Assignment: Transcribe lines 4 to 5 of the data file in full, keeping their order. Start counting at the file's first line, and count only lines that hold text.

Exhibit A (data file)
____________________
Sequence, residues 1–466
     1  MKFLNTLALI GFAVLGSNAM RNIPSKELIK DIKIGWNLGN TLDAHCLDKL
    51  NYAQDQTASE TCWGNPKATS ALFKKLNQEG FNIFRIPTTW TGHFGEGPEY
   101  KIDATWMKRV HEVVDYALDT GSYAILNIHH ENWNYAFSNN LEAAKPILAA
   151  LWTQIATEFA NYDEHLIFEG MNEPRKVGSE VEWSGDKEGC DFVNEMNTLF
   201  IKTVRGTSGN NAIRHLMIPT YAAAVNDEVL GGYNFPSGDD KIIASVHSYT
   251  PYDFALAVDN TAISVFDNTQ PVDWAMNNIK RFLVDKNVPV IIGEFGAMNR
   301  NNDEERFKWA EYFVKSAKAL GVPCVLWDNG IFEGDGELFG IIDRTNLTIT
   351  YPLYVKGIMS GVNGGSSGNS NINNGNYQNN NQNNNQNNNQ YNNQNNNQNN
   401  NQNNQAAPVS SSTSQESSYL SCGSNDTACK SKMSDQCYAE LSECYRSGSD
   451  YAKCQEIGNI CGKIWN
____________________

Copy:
   101  KIDATWMKRV HEVVDYALDT GSYAILNIHH ENWNYAFSNN LEAAKPILAA
   151  LWTQIATEFA NYDEHLIFEG MNEPRKVGSE VEWSGDKEGC DFVNEMNTLF